Candidate for AMTE Board Member-at-Large
Nicole M. Joseph
Assistant Professor of Mathematics Education
Past Participation and Involvement in AMTE and/or AMTE Affiliates(s)
I have been a member of AMTE for the last 5 years. I have attended conferences, both as a participant and a presenter. A session that I attended back in 2012 became the inspiration and catalyst for my recent book on Interrogating Whiteness: White Faculty’s Commitment to Racial Consciousness in STEM Classrooms (2016). Several of the math educators in that particular workshop were discussing their desire to go deeper into their equity and social justice work, but were not sure how. Since Whiteness work in mathematics was a part of my research interests, I responded to this need by publishing the edited volume, which is an anthology of narratives of White math and science faculty sharing their deeply personal and reflective processes of doing whiteness and racial consciousness work. This is the real work I think should be done to really transform systems. I am grateful to AMTE for this inspiration because it has sold over 300 copies so far and is being well received. I have also reviewed conference proposals, sit on the Equity Committee, and was a STaR Fellow in 2013-2014.
What qualities do you bring to the AMTE Board Member-at-Large Position?
I have experience and skill in cognitive coaching, which is a type of questioning one engages in when very sensitive issues are the focus (i.e. race, whiteness, white supremacy, racism, etc.). I have also had training on courageous conversations. These skills have proven effective and transformative when having dialog with mathematics teacher educators, pure mathematicians, mathematics education researchers, etc. about the significance of equity issues. I am honest. I have integrity, and I am not afraid of conflict. I have developed strategies over the years that support both my own mental health in doing this challenging work (this work is both deeply personal and community-oriented). I have learned to work with just about anyone because it is going to take ALL of us, as a mathematics education community to dismantle inequities. Overall, while my current work is about examining and understanding the experiences of Black girls and women in mathematics, this said work informs math teacher education because it provides insights into what pre-service and in-service math teachers might think about as they aim to achieve excellence in their teaching of underrepresented students. My broader work on structures and the interrogation of whiteness in mathematics (social context, teacher and school level, etc.) can also inform leadership-level conversations because the reality is that most of our math teachers are White. Math teacher education needs to continue to evolve and think innovatively and transformatively about how we might do things differently to achieve our ends related to equity and social justice.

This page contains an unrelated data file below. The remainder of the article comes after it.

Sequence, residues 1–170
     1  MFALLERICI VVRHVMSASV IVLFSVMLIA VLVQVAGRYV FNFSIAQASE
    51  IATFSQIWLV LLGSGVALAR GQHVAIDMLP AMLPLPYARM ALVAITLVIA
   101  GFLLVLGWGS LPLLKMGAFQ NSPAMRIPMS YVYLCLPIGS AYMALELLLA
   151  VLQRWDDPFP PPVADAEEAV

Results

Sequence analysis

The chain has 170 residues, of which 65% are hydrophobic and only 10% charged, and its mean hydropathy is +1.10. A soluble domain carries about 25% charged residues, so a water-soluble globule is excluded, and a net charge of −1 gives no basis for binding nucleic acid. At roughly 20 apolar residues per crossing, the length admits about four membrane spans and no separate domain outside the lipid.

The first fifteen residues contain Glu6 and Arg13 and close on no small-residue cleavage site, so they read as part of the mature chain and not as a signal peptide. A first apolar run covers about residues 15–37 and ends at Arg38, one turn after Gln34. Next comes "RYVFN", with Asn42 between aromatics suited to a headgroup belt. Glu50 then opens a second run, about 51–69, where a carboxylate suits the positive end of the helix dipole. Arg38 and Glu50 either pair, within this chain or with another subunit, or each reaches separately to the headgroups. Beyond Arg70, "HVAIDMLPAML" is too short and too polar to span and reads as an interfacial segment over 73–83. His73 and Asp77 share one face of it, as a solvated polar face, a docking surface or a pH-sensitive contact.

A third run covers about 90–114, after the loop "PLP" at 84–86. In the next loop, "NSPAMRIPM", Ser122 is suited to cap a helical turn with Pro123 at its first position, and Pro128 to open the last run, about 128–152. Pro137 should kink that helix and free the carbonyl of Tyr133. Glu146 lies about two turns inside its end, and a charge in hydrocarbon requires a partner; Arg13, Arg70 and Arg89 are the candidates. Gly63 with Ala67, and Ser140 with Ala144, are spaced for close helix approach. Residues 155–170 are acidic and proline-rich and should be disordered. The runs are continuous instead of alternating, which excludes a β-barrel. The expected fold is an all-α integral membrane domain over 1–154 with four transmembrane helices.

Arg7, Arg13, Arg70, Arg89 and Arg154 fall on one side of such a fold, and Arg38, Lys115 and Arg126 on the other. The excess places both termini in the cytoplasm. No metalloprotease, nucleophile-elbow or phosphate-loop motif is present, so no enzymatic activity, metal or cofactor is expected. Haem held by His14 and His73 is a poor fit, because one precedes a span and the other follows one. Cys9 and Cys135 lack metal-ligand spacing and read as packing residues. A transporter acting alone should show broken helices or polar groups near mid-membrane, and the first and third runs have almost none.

I am committed to math teacher education. I have taught several content and methods courses over my 6 years in the academy, served as an instructional coach for four years while in the K-12 system, and also taught middle school mathematics for five years. I have supervised pre-service math teachers, and I have conducted my own empirical work examining math teacher practices that appear effective for Black girls. I have received numerous invitations to participate in math teacher education conversations, including the Mathematics Teacher Education-Partnership, an organization comprised of 39 teams across 31 states, including 103 universities, university systems, and community colleges; 142 K-12 schools and school districts; and several state departments of education, education consortia and other education-focused organizations, all working collaboratively to redesign secondary mathematics teacher preparation programs. This year I was invited to be a conference reactant to the opening equity panel and the close out session. The proceedings of my talks can be found here. Finally, I am an African American woman and will bring an intersectional perspective. What will not happen however is the "speaking for the entire race" position. I am coming to contribute to the discourse AMTE is having about the health of the organization and how to do their work at the level of excellence and transformation. I enjoy working with my colleagues to figure out hard issues and that includes my expectation of the fellow board members to do their due diligence. I cheer and challenge my colleagues in ways that help us get the work done.
What three goals do you think AMTE should make a priority?
- Commit to really understanding its position on equity and social justice and be bolder about that position. While AMTE may not view itself as a political entity, the fact of the matter is that, AMTE is by default. Math teacher educators look to this organization for answers and ways to do equity work well. We need to take this work to the next level.
- Develop a more coherent linkage of its varied members. How do the policy people connect with K-12 math teachers? How do elementary pre-service teachers connect with researchers? Making this more visible and coherent will probably increase membership participation.
- Support math teachers to better realize their role as identity workers (cultural and disciplinary) as they teach math content and processes; especially in thinking about the implementation of the new AMTE Standards in Section C.